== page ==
Farmer Focus: Relief as the rain arrives in California

I find myself fireside this Sunday afternoon ducking in from the rain. Yes, it is raining, actually poring, and has been for a week straight.

Last month I was hopeful for more rain, and we sure received it here in northern California.

The past four years have been hard, a struggle really to sustain our farms on the dry land.

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This year it seems we are above average for rain fall and it is still coming. Our farm is an organic dairy business and we have pasture laying hens, so we really depend on the rain.

Our dairy cows got to spend about two weeks outside grazing our lush fields of rye grass and clover before returning to the barns.

In the US, being an organic dairy means all animals older than six months must graze for 120 days each grazing season, consuming not less than 30% of their ration from grass. On our farm, and most of the farms in our area, where we don’t irrigate and only dry land farm, it can be a real challenge to obtain enough quality pasture to meet the organic standards.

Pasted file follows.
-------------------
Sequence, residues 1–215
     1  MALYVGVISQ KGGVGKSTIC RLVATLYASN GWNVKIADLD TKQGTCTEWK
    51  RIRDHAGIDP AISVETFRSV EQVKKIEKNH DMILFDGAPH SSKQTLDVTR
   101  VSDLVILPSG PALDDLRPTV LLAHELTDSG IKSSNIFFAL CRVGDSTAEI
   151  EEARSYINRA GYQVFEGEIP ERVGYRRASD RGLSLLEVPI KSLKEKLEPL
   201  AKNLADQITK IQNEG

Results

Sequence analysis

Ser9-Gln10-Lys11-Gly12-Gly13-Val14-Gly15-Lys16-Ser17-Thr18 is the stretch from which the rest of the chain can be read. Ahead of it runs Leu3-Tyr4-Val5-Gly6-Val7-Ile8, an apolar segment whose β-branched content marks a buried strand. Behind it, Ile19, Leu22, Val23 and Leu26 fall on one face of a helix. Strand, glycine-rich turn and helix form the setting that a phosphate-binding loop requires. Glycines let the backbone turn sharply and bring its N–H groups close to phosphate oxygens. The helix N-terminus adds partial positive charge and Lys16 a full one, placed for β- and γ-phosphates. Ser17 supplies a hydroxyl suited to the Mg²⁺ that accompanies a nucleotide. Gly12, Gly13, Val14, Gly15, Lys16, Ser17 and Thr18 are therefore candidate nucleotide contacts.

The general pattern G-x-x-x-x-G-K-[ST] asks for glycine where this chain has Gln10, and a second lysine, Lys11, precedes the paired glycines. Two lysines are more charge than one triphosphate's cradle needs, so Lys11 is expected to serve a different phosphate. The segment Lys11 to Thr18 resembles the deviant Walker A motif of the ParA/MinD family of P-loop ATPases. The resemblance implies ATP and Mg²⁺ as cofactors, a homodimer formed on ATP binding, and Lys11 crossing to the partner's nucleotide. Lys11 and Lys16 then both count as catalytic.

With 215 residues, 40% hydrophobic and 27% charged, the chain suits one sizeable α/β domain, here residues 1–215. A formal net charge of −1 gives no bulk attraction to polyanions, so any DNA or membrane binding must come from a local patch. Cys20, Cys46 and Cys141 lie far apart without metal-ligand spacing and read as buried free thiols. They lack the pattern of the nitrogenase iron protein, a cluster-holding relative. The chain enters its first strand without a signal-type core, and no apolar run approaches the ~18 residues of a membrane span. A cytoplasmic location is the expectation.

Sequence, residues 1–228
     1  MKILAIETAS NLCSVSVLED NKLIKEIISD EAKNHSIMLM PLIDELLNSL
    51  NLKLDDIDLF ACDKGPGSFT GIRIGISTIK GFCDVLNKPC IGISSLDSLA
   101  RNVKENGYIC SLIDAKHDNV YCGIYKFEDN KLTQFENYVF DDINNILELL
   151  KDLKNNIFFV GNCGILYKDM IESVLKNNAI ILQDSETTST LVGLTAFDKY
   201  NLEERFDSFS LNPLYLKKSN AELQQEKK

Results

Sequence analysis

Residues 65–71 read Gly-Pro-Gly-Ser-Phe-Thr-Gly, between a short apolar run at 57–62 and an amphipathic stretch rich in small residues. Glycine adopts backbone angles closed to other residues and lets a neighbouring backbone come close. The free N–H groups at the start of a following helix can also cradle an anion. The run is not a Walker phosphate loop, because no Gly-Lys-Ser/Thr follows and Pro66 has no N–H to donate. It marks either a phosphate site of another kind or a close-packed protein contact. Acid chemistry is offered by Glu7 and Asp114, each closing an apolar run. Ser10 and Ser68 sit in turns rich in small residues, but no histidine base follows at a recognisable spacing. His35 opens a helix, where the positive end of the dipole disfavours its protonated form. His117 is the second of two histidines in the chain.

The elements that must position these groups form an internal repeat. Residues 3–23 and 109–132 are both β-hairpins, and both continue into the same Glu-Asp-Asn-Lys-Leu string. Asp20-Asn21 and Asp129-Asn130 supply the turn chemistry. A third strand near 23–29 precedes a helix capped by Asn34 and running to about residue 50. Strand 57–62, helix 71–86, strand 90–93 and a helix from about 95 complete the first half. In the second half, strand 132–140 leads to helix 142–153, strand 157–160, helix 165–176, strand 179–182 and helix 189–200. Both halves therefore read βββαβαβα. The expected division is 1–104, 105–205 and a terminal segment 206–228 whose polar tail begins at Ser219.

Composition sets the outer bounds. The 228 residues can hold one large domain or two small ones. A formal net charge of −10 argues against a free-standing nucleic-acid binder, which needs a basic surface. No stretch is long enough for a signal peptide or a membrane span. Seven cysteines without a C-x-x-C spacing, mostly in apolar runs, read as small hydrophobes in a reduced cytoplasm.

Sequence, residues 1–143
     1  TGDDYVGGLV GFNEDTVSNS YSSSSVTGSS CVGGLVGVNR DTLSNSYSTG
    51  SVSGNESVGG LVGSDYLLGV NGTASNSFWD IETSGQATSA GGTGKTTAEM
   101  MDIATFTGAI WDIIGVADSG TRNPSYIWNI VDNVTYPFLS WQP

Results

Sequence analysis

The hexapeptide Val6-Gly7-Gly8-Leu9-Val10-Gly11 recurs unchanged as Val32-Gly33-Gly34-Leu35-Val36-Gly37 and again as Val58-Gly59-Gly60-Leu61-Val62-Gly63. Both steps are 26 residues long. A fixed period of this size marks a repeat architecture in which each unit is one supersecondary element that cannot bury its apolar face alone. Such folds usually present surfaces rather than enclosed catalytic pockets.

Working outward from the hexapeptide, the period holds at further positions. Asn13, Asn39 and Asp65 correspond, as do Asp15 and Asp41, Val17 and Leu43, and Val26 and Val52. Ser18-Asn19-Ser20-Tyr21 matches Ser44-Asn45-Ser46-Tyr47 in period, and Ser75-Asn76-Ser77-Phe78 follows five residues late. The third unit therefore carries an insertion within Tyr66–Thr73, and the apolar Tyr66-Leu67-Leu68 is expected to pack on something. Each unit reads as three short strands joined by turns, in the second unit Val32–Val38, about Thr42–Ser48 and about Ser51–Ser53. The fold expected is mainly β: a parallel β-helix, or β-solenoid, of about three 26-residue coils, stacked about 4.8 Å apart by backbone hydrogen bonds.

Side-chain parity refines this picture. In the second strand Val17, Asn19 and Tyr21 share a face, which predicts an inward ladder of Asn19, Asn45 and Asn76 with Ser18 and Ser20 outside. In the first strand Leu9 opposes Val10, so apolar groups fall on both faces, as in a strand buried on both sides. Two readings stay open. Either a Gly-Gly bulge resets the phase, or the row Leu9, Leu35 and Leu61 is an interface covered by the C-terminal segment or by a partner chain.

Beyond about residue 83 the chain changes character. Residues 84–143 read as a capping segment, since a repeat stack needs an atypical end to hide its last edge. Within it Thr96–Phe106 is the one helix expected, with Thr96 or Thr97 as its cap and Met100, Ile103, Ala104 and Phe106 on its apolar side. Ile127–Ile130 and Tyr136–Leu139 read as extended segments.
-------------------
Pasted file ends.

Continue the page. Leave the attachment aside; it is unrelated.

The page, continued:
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So it’s a breath of fresh air to see the rain coming down. It is especially good this year, as the rain has been coming in spells and the cows have time to get out in between to start grazing.

Our pasture hens are housed in mobile coops that continuously stay on pasture. These girls also enjoy the breaks in the rain, when they can get out and scratch, dust and enjoy the lush fields.

There is also a lot more going on these days than the rain. We began processing our own eggs.

There are still many more details to work through, but things seem to be going well. We are using a co-packer to process our eggs and a distribution company for sales. We have started with both a 12- and six-pack carton and will be adding other brands as we go to use all of our production.

It may be raining today, but the days are bright when we are working together as a family, doing what we love and building our future.

Jessica McIsaac milks 350 pedigree Holsteins in Petaluma, California, with her husband Neil. They sell organic milk and also have 6,000 laying hens.